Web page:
At present, there are 10 CHOP Clinical Pathways relevant to neonatology. Here is a link to the two most applicable to the general pediatrician:
- Glucose Monitoring of the Healthy Newborn, 0 to 36 hours of age
- ED Pathway for Evaluation/Treatment of Neonates with Hyperbilirubinemia/Jaundice
- Do not use the lab reported Total Serum Bilirubin. Rather, see RN/MD/CRNP Rapid Assessment for details.
Assessment of Adequacy of Intake in Breastfeeding Infants*
*Management of Hyperbilirubinemia in the Newborn Infant 35 or More Weeks of Gestation [PubMed Abstract] [Full Text HTML] [Full Text PDF]. Pediatrics July 2004, VOLUME 114 / ISSUE 1 AMERICAN ACADEMY OF PEDIATRICS
*There has been an update of the above [unfortunately behind a paywall], Hyperbilirubinemia in the newborn infant > or =35 weeks’ gestation: an update with clarifications [PubMed Abstract].Pediatrics. 2009 Oct;124(4):1193-8. doi: 10.1542/peds.2009-0329. Epub 2009 Sep 28.
The data from a number of studies27–34 indicate that unsupplemented, breastfed infants experience their maximum weight loss by day 3 and, on average, lose 6.1% ± 2.5% (SD) of their birth weight. Thus, ∼5% to 10% of fully breastfed infants lose 10% or more of their birth weight by day 3, suggesting that adequacy of intake should be evaluated and the infant monitored if weight loss is more than 10%.35 Evidence of adequate intake in breastfed infants also includes 4 to 6 thoroughly wet diapers in 24 hours and the passage of 3 to 4 stools per day by the fourth day. By the third to fourth day, the stools in adequately breastfed infants should have changed from meconium to a mustard yellow, mushy stool.36The above assessment will also help to identify breastfed infants who are at risk for dehydration because of inadequate intake.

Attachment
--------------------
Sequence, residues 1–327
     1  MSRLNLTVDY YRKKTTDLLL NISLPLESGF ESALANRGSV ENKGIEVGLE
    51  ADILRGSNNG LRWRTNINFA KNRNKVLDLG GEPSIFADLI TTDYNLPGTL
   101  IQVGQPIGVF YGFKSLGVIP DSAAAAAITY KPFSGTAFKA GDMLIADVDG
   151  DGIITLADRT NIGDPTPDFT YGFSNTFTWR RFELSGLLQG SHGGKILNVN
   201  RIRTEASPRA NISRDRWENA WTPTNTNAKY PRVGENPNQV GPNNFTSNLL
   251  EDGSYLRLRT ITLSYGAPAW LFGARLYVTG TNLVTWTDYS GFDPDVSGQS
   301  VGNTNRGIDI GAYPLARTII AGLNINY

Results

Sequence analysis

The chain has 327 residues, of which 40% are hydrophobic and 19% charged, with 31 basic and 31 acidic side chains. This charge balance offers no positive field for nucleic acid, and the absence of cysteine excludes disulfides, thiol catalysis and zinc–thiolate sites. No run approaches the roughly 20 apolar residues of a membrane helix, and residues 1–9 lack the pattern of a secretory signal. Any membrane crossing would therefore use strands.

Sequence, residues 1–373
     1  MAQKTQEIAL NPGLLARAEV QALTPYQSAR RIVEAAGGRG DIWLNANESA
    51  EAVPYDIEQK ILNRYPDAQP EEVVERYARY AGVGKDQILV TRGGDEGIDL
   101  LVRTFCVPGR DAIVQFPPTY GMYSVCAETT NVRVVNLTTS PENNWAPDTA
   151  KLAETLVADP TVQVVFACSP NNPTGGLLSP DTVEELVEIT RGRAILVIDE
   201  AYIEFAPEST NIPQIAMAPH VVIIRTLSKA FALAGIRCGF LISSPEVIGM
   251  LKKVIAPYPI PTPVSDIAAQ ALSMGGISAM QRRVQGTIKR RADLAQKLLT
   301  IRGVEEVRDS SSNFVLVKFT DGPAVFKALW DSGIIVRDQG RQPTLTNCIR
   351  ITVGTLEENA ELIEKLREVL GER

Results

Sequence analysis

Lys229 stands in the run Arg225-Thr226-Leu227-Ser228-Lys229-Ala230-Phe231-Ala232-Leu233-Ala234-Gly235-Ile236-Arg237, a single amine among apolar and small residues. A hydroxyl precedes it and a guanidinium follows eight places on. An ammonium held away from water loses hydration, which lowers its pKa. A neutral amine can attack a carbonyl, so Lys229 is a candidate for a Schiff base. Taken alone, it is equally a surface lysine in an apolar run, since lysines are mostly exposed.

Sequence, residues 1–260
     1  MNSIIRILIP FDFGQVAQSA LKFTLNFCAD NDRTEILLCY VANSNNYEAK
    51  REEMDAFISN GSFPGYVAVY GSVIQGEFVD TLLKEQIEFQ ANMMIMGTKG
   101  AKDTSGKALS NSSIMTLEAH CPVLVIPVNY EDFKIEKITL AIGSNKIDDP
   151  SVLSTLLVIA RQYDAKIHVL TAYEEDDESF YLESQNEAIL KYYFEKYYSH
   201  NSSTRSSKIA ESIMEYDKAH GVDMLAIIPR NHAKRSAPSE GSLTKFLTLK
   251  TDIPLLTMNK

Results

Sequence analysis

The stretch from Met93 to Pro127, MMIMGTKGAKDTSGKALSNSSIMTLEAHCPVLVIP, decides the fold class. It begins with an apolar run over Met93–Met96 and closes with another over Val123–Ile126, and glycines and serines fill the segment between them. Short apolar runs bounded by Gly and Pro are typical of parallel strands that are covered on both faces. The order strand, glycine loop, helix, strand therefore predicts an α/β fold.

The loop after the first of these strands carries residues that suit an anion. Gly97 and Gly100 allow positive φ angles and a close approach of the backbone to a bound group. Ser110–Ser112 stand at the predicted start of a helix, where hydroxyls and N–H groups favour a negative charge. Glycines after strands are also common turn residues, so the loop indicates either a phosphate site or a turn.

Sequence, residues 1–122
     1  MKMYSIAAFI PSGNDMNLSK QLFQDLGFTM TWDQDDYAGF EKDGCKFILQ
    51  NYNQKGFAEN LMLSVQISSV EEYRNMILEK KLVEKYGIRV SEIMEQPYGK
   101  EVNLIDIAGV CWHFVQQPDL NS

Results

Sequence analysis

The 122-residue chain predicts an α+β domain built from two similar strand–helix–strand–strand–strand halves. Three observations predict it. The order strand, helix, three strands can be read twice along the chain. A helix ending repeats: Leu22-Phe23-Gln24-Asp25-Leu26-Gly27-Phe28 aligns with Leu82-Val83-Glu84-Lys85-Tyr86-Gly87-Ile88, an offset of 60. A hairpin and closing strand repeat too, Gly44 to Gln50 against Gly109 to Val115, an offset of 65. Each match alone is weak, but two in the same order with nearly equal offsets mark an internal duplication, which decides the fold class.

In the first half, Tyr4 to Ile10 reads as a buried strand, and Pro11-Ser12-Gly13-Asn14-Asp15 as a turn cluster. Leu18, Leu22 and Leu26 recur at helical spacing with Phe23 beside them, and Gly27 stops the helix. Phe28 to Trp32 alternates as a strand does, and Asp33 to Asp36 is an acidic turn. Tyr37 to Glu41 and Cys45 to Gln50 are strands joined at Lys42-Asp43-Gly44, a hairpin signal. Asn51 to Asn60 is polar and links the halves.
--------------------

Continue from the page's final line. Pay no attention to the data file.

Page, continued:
[Additional Means Of] Assessment of Adequacy of Intake in Breastfeeding Infants*
n addition to the breastfeeding assessment tools described here, other parameters that must also be assessed by health care professionals to assure that adequate milk transfer is occurring include: 1) infant weight; 2) test-weighing; 3) elimination patterns; and 4) growth.
The most accurate measure of breastfeeding adequacy is the infant’s rate of weight gain, documented by serial measurements. Peak infant weight loss occurs at approximately 3 days of age and should not exceed 7% of birth weight.[4,22] Once lactogenesis or the copious milk production begins on the second to fourth postpartum day, the infant should begin steady weight gain within a day or two. By day 10 to 14 postpartum, the infant should have returned to birth weight and gain approximately 20 to 35 grams or two-thirds of an ounce per day during the first 2 months of age. Infants of women who are at risk for delayed lactogenesis, such as those who had a cesarean section or medical complications such as preeclampsia or diabetes mellitus should be assessed for a longer period of time.
An infant who acts hungry after breastfeeding, feeds for short (< 10 minutes) or long (> 50 minutes) periods of time, and/or feeds 8 or more than 12 times daily should be evaluated for weight gain. The infant test-weighing procedure should be performed using an electronic digital infant scale with accuracy to at least 2 grams. The infant is weighed clothed pre- and postfeeding without changing the diaper between weight measurements. The prefeed weight is subtracted from the postfeed weight, and the difference represents the volume of milk consumed, where 1 gram of weight is equivalent to 1 mL of milk intake. Milk is slightly denser than water, so in theory this calculation overestimates the test weight results, which is countered by insensible water loss during feeding.
And remember that poor feeding in a newborn can be a sign of sepsis as well as many other critical problems.